About 1,500 ski instructors, lift operators and ski patrollers will be required to take fitness tests starting Oct. 1. Previously, fitness tests were administrated only to new employees, not returning employees.
It’s part of a broader wellness initiative to encourage health and fitness and to reduce workplace injuries, said Jim Laing, Skico vice president of human resources and retail operations.
The fitness test has eight components, which change slightly depending on department. Ski patrollers, for example, have a repetitive weight lifting drill.
“I think there’s a full range of perceptions over this,” Laing said of the fitness test.
The reaction probably follows a classic bell curve, with most employees in the middle. They don’t mind taking the test and will likely pass with varying degrees of preparation, he said. A small number of employees won’t give the test a second thought and will be able to pass it easily just by following their usual fitness and outdoor regimens, he said. And an equally small number objects to the test as irrelevant to their job, according to Laing.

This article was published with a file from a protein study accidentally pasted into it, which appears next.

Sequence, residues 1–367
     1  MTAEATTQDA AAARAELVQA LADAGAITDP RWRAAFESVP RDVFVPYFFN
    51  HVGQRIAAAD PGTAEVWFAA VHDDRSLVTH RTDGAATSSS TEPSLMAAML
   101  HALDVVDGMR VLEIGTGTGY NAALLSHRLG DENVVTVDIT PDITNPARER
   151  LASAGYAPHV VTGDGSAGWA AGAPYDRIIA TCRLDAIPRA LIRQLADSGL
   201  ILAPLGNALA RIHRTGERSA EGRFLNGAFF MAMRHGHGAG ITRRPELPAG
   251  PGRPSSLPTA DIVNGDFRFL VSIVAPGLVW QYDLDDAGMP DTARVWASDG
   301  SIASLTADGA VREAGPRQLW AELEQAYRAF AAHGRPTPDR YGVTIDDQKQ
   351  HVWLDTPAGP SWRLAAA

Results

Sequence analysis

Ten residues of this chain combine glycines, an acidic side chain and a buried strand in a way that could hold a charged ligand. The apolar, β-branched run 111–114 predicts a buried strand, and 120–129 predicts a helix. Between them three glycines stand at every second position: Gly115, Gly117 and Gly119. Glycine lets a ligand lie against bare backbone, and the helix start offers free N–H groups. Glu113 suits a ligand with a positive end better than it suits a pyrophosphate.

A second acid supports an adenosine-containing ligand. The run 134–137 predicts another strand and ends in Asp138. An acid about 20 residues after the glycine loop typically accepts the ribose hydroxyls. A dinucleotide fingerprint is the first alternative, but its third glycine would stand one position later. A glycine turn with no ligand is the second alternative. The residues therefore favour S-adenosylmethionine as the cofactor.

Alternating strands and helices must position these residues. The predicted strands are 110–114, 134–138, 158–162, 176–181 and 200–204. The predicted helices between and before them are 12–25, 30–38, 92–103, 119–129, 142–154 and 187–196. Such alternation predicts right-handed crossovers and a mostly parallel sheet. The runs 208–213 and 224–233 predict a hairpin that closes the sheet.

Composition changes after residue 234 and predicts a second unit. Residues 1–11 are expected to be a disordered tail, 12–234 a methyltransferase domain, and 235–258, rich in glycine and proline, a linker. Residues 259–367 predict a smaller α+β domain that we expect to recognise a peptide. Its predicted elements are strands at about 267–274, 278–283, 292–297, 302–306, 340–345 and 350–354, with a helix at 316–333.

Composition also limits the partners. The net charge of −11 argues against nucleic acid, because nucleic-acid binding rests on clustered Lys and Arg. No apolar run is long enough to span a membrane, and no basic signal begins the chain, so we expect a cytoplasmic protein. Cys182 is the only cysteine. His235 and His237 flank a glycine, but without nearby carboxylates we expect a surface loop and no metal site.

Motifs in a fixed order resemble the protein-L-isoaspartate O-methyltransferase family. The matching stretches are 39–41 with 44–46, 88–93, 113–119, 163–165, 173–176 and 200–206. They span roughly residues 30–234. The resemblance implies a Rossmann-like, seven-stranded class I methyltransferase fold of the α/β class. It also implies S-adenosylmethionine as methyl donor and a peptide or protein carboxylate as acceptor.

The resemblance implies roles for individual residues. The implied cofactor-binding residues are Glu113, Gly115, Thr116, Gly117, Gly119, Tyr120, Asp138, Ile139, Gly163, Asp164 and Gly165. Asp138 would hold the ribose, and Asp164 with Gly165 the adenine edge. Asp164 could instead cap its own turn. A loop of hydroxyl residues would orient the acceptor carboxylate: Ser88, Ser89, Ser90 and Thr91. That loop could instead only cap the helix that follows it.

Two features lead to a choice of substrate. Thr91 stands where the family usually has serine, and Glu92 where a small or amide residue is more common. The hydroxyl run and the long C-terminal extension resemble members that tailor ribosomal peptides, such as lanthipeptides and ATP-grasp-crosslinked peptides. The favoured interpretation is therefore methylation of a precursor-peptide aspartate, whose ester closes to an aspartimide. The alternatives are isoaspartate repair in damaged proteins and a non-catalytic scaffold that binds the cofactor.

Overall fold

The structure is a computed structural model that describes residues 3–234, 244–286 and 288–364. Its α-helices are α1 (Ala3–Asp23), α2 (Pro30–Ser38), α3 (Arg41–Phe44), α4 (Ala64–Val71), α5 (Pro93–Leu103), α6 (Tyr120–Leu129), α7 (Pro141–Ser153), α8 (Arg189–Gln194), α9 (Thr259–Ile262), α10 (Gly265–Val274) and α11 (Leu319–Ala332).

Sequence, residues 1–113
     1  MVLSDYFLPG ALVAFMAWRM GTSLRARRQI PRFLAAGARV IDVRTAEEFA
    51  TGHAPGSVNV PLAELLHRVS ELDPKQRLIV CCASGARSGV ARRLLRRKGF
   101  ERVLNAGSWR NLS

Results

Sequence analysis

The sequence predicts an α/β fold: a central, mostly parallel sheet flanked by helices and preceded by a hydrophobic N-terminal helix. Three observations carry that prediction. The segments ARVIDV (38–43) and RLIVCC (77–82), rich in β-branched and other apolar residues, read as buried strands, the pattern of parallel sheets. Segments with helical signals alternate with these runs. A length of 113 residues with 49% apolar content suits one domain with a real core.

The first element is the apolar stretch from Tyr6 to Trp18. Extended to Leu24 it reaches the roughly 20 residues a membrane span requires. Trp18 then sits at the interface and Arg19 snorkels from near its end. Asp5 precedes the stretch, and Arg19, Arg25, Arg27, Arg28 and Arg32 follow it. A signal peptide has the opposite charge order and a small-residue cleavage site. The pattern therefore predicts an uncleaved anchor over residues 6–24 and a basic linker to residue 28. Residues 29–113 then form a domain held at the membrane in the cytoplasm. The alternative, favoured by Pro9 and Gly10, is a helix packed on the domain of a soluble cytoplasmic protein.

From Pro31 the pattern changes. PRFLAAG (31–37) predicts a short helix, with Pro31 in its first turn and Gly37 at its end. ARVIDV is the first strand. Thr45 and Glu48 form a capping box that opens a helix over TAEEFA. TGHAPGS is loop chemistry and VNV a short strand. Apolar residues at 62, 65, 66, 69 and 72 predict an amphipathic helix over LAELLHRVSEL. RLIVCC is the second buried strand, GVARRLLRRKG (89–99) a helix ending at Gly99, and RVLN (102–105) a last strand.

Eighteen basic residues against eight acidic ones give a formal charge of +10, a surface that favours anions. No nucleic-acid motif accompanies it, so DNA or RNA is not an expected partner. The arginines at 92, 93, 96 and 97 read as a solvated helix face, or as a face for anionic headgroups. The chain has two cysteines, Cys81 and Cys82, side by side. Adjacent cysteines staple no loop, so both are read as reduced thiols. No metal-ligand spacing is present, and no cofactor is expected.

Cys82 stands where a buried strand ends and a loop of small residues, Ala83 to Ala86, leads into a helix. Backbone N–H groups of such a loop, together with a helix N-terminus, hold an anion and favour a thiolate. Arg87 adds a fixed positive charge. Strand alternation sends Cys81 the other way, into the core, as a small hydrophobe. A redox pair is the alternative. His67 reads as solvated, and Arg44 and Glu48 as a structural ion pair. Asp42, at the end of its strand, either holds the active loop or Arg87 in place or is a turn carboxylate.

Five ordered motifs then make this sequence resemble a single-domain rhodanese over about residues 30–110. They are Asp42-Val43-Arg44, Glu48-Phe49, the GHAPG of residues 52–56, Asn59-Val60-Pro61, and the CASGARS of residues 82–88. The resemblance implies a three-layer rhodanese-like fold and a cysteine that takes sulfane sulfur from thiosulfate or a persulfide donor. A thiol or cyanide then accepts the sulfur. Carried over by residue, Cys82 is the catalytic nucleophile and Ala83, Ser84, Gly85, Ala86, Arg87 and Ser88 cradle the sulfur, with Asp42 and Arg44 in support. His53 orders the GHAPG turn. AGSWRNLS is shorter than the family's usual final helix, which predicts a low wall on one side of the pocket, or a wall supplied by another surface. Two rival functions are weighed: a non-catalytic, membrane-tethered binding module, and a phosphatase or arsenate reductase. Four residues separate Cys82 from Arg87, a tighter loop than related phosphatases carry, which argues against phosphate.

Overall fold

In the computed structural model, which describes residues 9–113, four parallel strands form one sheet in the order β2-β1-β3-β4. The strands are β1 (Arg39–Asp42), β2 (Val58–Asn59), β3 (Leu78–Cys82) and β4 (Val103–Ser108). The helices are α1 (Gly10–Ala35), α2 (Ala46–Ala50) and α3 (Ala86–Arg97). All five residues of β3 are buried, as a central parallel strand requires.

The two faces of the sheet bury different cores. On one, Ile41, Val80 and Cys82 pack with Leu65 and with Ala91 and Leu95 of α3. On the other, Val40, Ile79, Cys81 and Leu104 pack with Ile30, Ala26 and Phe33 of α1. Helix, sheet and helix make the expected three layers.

The fitness test represents a change, he said, and some people don’t like change.
Corporate brass and administrative workers who spend more time behind a desk than on the slopes technically don’t have to take the test. However, many of those employees help load lifts during busy times of the season, so they will also be required to prove their fitness, Laing said.
Probably the most rigorous component will be repeatedly stepping up onto an elevated platform for five minutes, Laing said. Other components include 15 push-ups, standard or from knees, in one minute; hopping sideways; and balancing on one foot on a foam pad.
The “Work Ready” program has been thoroughly tried and tested and has been put into use by all sorts of employers, Laing said.
Vail Resorts follows a similar program.